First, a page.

The People’s River project was a community-led programme, where I worked with people who live and work along the River Irk in Manchester. It was inspired by Friedrich Engels writings of the River Irk in his seminal text ‘The Conditions of the Working Class in England’. Commissioned by Manchester Histories, the project aimed to reveal and creatively share the often hidden histories and stories of people’s own local heritage.

I was lucky to meet and work with a number of local residents and businesses including people from
from Friends of Angel Meadows, HMG Paints Ltd, No. 93 Wellbeing Centre's weekly walking groups,
Many Hands Craft Collective and Collyhurst Big Local. Together we undertook a number of creative heritage photography walks to explore the local area and shared stories about the hidden histories of the Irk Valley from Angel Meadows to Collyhurst and Harpurhey.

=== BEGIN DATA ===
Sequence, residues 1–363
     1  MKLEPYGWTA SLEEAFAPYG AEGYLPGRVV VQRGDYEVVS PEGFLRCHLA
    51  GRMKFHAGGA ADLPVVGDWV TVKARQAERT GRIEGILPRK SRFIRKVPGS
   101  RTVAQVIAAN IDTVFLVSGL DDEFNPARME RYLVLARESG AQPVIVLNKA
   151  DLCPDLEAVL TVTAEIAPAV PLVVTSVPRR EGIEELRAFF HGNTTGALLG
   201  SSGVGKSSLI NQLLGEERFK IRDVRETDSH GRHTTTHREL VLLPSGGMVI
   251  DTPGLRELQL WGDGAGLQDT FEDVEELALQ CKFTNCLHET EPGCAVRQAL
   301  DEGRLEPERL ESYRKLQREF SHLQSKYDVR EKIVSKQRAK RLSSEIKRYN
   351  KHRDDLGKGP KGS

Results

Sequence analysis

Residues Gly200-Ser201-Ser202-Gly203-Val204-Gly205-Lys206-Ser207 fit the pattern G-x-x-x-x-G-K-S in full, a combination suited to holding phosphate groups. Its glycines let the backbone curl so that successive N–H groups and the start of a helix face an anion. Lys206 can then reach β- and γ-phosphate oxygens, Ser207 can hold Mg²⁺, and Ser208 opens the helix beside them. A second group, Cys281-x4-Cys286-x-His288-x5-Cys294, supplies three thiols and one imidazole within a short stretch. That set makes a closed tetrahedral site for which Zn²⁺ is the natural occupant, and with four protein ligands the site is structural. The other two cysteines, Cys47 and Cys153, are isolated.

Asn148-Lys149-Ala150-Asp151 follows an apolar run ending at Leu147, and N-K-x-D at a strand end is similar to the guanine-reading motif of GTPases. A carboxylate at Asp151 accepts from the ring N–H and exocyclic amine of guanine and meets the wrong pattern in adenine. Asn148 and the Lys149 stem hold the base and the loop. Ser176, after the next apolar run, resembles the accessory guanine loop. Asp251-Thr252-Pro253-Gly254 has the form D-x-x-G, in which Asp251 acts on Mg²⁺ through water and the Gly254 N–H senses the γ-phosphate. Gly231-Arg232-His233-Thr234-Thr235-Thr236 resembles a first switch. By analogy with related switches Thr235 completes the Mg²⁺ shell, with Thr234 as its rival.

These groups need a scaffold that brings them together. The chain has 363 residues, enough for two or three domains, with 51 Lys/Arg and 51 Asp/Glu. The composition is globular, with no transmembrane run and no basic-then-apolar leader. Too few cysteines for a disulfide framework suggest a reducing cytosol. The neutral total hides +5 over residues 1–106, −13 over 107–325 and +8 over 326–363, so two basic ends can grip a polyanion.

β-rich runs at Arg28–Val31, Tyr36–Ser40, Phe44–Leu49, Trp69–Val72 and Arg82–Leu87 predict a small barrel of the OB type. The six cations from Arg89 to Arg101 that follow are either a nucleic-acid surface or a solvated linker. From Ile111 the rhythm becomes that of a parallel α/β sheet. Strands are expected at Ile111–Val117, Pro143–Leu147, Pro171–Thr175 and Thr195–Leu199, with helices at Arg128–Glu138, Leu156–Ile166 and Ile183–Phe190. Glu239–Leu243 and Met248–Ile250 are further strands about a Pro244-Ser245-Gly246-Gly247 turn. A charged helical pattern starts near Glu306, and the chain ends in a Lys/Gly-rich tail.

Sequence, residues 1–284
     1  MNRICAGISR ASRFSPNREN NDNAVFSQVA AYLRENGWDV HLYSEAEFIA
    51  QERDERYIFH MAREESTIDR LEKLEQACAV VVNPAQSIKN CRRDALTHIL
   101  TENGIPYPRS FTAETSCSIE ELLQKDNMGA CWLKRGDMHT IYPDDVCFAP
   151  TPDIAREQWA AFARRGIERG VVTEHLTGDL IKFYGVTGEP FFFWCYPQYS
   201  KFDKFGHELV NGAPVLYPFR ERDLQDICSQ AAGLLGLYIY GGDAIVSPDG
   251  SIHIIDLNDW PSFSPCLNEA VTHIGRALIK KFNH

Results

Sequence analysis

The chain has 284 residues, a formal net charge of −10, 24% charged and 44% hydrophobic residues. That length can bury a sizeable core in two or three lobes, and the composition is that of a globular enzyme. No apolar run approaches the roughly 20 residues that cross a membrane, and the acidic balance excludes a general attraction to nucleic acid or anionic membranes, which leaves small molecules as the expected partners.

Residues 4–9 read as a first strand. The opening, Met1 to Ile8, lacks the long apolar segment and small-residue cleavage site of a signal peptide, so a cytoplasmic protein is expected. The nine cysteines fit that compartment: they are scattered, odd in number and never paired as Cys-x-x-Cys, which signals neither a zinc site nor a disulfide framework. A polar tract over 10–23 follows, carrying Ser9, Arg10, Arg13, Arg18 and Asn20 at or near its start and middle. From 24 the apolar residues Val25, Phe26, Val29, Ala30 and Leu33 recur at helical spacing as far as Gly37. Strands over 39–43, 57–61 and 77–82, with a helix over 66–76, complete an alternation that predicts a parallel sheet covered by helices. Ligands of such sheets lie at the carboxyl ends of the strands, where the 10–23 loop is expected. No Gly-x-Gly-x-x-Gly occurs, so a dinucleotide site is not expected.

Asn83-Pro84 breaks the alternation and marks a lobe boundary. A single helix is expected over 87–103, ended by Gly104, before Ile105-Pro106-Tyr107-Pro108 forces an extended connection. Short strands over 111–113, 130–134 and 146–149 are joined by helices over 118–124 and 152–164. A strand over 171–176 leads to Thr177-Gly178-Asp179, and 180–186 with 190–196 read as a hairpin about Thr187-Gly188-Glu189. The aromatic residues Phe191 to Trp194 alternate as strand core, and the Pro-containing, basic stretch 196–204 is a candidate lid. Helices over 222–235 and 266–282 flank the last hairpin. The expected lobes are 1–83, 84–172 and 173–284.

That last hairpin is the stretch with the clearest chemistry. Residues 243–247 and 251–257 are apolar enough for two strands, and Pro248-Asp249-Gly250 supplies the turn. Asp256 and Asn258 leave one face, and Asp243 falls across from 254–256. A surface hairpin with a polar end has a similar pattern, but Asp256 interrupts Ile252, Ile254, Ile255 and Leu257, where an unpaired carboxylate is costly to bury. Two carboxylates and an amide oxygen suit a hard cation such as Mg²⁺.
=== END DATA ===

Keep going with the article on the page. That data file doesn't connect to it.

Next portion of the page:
People took photographs of what they saw by the river today. These images reflect the area’s ever
changing landscape, exploring ideas of personal journeys, community, nature and regeneration.
For the workshops with people from the No. 93 Wellbeing centre, the group explored the process of
turning their photographs into cyanotype prints using a special chemical process that reacts to
sunlight. The cyanotypes form part of the exhibition and are a reminder of both the surrounding
nature and the local industrial history which has shaped the landscape of the Irk Valley from Engel’s
period to today.

Each group also then went through a process of editing and co-curating the final selection of works for the cross-site exhibitions at Queens Park, Angel Meadows Park and 93 wellness centre. A wider selection of work and stories are also available via a digital walking trail app where you can follow the route of the Irk at